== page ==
In an alarming number of instances, private Medicare Advantage plans are denying coverage for medical services that would be covered under original Medicare, according to a federal investigation. These denials are likely preventing or delaying medically necessary care for tens of thousands of Medicare Advantage beneficiaries each year.
The investigation by the Department of Health and Human Services' Office of Inspector General found that 13 percent of Medicare Advantage plan denials should have been covered under Medicare. The findings were based on a review by doctors and coding experts of service denials by 15 of the largest Medicare Advantage plans during the first week of June 2019. Extrapolating from their findings, investigators estimate that nearly 85,000 beneficiary requests for medical care -- everything from MRIs to skilled nursing facility care -- could have been wrongly denied in 2019.
In an even higher proportion of cases, plans are incorrectly refusing to pay claims. Nearly one-fifth of claims that Medicare Advantage plans initially declined to pay were for services that met Medicare coverage and plan billing rules. This translates to an estimated 1.5 million refused payments for all of 2019, delaying or blocking payments for services that providers had already delivered.
Hidden Barriers to Care
Some 26 million Medicare beneficiaries were in Medicare Advantage plans as of 2021, more than double the figure a decade ago. The Congressional Budget Office projects that by 2030 more than half of Medicare beneficiaries will be in a private Medicare plan. Unlike original Medicare, where the federal government is the insurer, Medicare Advantage plans are run by private insurance companies. The government pays the plans a fixed monthly fee to provide services to each Medicare beneficiary under their care. The less money the plans spend on patient care, the more they and their investors make. In this way, plans have an incentive to keep costs down.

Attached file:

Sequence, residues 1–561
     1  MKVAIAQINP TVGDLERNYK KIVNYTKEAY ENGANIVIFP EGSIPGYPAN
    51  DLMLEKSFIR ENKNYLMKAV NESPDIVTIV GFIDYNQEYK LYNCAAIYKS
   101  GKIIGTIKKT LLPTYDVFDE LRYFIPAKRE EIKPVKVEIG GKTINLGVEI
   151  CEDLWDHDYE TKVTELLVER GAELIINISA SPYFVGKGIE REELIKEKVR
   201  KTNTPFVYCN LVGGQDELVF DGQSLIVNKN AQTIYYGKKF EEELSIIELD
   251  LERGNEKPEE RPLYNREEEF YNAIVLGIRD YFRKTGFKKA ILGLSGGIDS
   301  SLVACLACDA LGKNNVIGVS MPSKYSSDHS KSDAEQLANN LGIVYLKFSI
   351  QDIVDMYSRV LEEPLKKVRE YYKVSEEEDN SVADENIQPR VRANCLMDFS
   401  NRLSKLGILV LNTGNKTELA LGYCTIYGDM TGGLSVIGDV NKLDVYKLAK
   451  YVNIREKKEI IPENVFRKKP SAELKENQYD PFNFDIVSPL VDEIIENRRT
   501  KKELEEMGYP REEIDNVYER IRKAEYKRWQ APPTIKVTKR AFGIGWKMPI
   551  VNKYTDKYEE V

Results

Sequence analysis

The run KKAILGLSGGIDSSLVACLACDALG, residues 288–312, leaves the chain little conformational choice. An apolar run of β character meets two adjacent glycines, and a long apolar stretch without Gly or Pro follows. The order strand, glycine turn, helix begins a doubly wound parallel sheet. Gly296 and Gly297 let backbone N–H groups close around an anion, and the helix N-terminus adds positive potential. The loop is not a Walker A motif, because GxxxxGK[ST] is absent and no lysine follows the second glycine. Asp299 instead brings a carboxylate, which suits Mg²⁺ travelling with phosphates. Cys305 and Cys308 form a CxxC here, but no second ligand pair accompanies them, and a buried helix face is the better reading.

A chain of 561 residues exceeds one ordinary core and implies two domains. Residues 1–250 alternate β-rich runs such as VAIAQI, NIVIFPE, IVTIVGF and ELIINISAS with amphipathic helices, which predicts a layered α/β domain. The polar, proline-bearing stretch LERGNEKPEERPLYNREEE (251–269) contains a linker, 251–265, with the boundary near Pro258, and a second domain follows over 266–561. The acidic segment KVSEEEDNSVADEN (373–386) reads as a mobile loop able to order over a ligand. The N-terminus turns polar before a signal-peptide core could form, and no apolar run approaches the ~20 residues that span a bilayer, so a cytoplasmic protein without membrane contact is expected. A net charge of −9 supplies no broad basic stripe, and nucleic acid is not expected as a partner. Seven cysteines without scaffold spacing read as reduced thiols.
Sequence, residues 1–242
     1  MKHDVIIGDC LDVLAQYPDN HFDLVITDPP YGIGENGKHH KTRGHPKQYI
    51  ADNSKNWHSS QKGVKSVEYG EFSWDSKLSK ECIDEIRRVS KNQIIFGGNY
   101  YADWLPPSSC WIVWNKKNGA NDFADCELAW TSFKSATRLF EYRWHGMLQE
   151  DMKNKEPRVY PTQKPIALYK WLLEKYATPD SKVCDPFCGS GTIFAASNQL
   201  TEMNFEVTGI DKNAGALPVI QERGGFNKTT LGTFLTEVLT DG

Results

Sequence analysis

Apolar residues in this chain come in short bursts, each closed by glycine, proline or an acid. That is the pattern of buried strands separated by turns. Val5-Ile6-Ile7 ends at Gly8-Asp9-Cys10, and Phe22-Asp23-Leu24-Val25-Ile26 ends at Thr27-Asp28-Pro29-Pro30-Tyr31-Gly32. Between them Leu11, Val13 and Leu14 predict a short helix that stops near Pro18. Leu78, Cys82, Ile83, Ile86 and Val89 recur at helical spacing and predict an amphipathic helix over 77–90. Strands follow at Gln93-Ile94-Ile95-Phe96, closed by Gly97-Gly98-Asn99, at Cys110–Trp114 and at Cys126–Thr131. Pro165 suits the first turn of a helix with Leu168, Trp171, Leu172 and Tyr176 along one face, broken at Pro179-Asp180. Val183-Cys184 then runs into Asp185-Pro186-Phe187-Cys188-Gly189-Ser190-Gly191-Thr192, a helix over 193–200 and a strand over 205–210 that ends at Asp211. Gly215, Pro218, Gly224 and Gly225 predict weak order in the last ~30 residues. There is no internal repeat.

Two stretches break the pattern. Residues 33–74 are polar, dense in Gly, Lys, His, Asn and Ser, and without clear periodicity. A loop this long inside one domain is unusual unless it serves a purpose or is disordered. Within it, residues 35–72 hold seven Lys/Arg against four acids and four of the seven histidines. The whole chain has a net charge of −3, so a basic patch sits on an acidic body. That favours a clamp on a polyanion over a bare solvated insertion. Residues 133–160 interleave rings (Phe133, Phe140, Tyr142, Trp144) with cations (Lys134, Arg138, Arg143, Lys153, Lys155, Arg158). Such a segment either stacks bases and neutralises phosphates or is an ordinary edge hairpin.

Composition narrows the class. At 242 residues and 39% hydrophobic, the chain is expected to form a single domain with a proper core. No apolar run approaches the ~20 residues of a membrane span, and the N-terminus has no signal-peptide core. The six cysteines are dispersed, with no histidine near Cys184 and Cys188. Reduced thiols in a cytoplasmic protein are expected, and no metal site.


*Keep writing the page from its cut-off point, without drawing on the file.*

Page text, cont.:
For many beneficiaries, Medicare Advantage plans' most disagreeable cost-cutting strategy is “preauthorization” -- the common requirement that doctors and other medical providers obtain the plan's approval before a beneficiary can receive certain medical services. If the plan administrators disagree that a procedure is medically necessary, the plan may refuse to pay for it.
Medicare Advantage plans often look attractive because they offer the same basic coverage as original Medicare at a seemingly lower cost, plus some additional benefits and services like vision and dental care that traditional Medicare doesn't offer. (One reason Medicare Advantage plans can offer such enhanced services is because the federal government gives them additional payments compared to original Medicare.) The inspector general's report highlights one of Medicare Advantage's downsides.
“[B]eneficiaries enrolled in Medicare Advantage may not be aware that there may be greater barriers to accessing certain types of health care services in Medicare Advantage than in original Medicare,” the report states.
One example highlighted in the report tells of a Medicare Advantage plan that refused to approve a follow-up MRI to find out whether an adrenal lesion was malignant because the lesion was allegedly too small. In fact, Medicare's rules do not restrict the use of follow-up MRIs based on the size of a lesion. (The plan reversed its initial denial on appeal.)
Denial Appeals Can Work
The report identified two common causes of service denials. First, even though Medicare Advantage plans' clinical criteria cannot be “more restrictive” than Medicare's coverage rules, plans often used tighter clinical criteria, such as requiring an x-ray before approving more advanced imaging. Second, plans often claimed that the request for services lacked sufficient documentation, even though investigators who reviewed the denied claims found that the existing medical records were sufficient to support the request.
When a Medicare Advantage plan denies a preauthorization or payment request, the beneficiary can file an appeal with the plan. The inspector general found that when a beneficiary or provider appealed or disputed the denial of a service that met Medicare's coverage rules, plans sometimes reversed the denial. And in certain cases, Medicare Advantage plans corrected their own errors.
The inspector general's report offers several recommendations for the Centers for Medicare and Medicare Services, which oversees Medicare Advantage plans, including better auditing of plans.
To read the inspector general's report, “Some Medicare Advantage Organization Denials of Prior Authorization Requests Raise Concerns About Beneficiary Access to Medically Necessary Care,” click here.
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